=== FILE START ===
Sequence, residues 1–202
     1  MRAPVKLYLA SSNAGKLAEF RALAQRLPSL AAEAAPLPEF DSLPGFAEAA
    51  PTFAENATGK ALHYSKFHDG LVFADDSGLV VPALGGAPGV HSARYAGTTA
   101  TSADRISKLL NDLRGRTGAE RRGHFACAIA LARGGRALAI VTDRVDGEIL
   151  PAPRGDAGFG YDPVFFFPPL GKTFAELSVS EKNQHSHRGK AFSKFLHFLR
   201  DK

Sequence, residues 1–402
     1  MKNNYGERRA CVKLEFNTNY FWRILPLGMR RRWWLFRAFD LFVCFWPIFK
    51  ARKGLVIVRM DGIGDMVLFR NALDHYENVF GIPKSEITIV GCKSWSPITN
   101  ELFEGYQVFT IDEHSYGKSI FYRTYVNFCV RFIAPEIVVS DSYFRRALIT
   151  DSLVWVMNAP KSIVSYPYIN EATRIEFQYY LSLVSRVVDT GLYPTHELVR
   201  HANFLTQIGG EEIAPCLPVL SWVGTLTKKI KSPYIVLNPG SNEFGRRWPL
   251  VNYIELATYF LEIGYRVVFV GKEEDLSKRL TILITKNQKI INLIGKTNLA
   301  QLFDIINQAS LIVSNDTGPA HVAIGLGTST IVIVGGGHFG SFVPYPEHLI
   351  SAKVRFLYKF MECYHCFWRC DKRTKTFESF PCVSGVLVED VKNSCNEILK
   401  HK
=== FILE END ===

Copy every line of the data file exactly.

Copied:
Sequence, residues 1–202
     1  MRAPVKLYLA SSNAGKLAEF RALAQRLPSL AAEAAPLPEF DSLPGFAEAA
    51  PTFAENATGK ALHYSKFHDG LVFADDSGLV VPALGGAPGV HSARYAGTTA
   101  TSADRISKLL NDLRGRTGAE RRGHFACAIA LARGGRALAI VTDRVDGEIL
   151  PAPRGDAGFG YDPVFFFPPL GKTFAELSVS EKNQHSHRGK AFSKFLHFLR
   201  DK

Sequence, residues 1–402
     1  MKNNYGERRA CVKLEFNTNY FWRILPLGMR RRWWLFRAFD LFVCFWPIFK
    51  ARKGLVIVRM DGIGDMVLFR NALDHYENVF GIPKSEITIV GCKSWSPITN
   101  ELFEGYQVFT IDEHSYGKSI FYRTYVNFCV RFIAPEIVVS DSYFRRALIT
   151  DSLVWVMNAP KSIVSYPYIN EATRIEFQYY LSLVSRVVDT GLYPTHELVR
   201  HANFLTQIGG EEIAPCLPVL SWVGTLTKKI KSPYIVLNPG SNEFGRRWPL
   251  VNYIELATYF LEIGYRVVFV GKEEDLSKRL TILITKNQKI INLIGKTNLA
   301  QLFDIINQAS LIVSNDTGPA HVAIGLGTST IVIVGGGHFG SFVPYPEHLI
   351  SAKVRFLYKF MECYHCFWRC DKRTKTFESF PCVSGVLVED VKNSCNEILK
   401  HK